Reuters has a lengthy report today on the incidents that led Tyson Foods Inc. and other meatpackers to stop buying cattle that had been fed Zilmax, an animal feed additive produced by Merck & Co. Inc.
We noted Tyson's action this summer to stop buying Zilmax-fed cattle, as well as Merck's plan to study the drug's effects on animals.
Reuters' report sheds a little more light on the matter, including details of what led to Tyson's decision. For the Springdale company, the first signs of trouble surfaced at a slaughterhouse in Washington state, the report says:
As cattle trailers that had traveled up to four hours in 95-degree heat began to unload, 15 heifers and steers hobbled down the ramps on Aug. 5, barely able to walk. The reason: The animals had lost their hooves, according to U.S. Department of Agriculture documents reviewed by Reuters. The documents show the 15 animals were destroyed.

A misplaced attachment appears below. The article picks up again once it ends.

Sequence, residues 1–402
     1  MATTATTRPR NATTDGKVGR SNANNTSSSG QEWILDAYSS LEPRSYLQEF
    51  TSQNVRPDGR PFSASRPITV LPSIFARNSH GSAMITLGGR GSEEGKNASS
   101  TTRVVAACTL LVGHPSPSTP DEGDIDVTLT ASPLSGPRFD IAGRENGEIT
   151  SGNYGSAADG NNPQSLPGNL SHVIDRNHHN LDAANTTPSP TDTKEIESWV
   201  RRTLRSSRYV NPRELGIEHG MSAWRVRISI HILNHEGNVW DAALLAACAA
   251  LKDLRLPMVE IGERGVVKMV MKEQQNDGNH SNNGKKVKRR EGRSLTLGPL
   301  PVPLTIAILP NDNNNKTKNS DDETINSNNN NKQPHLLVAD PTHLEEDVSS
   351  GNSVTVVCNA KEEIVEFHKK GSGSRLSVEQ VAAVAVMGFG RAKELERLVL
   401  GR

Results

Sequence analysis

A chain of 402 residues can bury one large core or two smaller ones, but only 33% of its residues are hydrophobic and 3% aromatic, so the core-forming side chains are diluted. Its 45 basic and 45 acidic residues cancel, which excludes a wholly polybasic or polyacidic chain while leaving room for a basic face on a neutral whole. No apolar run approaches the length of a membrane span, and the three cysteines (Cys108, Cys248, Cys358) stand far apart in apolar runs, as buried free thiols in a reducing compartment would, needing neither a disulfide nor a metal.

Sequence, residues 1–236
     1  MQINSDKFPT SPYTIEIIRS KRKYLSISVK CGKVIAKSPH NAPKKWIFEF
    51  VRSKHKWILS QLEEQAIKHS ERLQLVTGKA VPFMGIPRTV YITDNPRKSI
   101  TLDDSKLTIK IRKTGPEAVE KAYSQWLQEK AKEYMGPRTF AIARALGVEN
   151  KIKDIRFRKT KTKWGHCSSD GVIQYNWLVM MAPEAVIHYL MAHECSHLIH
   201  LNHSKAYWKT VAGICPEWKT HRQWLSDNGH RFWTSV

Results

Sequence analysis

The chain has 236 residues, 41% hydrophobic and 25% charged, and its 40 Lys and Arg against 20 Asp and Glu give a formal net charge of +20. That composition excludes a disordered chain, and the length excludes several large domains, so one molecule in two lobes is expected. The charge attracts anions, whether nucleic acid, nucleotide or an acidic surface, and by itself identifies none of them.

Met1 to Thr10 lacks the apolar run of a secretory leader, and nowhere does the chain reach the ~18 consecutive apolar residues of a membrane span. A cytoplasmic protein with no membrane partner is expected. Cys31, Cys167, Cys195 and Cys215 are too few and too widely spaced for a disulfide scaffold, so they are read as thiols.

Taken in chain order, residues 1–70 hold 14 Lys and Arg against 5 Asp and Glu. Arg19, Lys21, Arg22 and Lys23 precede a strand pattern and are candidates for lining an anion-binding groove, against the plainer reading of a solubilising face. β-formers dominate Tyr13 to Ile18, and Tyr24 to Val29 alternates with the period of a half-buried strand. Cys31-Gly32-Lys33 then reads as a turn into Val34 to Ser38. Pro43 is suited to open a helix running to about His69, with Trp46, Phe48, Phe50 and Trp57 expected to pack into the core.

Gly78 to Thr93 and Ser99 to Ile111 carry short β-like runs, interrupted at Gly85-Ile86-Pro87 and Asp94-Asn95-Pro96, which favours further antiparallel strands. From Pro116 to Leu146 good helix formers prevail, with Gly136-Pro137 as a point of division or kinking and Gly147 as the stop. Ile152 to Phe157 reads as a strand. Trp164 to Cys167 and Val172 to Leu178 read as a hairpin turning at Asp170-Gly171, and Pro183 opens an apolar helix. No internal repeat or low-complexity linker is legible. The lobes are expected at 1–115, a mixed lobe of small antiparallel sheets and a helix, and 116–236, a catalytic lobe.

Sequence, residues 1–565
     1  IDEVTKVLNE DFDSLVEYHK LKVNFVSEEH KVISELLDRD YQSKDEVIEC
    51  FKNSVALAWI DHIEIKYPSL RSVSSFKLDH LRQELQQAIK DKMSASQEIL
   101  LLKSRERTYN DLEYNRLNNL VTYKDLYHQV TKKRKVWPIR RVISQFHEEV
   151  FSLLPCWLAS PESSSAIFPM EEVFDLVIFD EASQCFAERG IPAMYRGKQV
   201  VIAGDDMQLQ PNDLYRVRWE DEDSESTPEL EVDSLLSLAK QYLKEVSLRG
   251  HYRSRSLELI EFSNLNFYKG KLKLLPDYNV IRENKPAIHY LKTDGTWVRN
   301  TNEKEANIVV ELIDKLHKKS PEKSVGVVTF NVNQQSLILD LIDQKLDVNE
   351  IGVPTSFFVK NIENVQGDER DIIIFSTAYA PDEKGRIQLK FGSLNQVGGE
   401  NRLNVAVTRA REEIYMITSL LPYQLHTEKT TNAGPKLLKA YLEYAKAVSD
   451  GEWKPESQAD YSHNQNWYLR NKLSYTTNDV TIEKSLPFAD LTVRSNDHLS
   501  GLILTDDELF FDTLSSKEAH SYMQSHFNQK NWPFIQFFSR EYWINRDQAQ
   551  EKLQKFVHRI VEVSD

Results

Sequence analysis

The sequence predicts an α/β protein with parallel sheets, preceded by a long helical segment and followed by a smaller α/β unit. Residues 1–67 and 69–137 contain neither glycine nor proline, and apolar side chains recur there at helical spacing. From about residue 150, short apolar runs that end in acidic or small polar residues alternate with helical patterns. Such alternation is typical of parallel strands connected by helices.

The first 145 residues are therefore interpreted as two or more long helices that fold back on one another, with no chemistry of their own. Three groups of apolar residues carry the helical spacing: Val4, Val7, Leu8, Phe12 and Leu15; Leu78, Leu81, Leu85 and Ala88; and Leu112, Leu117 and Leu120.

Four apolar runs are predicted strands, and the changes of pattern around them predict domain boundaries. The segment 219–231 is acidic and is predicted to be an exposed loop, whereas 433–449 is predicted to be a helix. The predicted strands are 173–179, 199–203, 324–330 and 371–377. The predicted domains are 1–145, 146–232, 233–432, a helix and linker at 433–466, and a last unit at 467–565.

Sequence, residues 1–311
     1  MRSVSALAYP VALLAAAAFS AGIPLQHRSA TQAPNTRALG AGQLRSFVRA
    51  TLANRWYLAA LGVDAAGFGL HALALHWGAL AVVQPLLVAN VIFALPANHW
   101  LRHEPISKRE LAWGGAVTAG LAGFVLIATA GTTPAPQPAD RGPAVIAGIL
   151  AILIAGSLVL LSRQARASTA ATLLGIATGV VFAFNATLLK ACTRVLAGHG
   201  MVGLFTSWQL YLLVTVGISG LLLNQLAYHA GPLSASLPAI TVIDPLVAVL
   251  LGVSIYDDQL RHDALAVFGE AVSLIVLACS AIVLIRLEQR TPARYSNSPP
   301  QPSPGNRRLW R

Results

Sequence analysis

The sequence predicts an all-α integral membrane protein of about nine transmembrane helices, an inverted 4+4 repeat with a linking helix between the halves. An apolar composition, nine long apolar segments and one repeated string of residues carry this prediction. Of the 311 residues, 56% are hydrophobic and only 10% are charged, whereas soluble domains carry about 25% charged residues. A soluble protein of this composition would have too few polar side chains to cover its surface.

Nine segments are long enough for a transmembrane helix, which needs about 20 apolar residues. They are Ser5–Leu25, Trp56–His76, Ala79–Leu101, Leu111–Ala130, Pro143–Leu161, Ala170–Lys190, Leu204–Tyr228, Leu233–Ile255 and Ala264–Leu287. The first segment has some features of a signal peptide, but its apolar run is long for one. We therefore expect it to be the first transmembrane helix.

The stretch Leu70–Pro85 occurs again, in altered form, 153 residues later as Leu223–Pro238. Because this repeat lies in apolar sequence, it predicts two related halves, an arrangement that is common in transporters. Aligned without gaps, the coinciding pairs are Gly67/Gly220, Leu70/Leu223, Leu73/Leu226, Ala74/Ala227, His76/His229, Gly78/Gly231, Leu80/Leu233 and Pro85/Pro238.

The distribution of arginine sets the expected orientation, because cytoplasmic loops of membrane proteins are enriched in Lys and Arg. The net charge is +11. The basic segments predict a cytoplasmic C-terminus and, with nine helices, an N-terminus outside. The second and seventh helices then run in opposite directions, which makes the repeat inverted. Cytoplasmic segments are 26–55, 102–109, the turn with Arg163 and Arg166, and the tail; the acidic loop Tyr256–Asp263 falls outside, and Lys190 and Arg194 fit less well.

The next day, the hottest day of the month, two more animals with missing hooves arrived by truck. Again, the animals were destroyed, the documents show.
The animals’ feet were "basically coming apart," says Keith Belk, a professor of animal science at Colorado State University.
Tyson stopped accepting Zilmax-fed cattle the next day. Meanwhile Merck, in a statement to Reuters, stressed the safety of its product. It said a review of Zilmax, handled by third-party researchers it did not identify, "showed that the hoof loss was not due to the fact these animals had received Zilmax."
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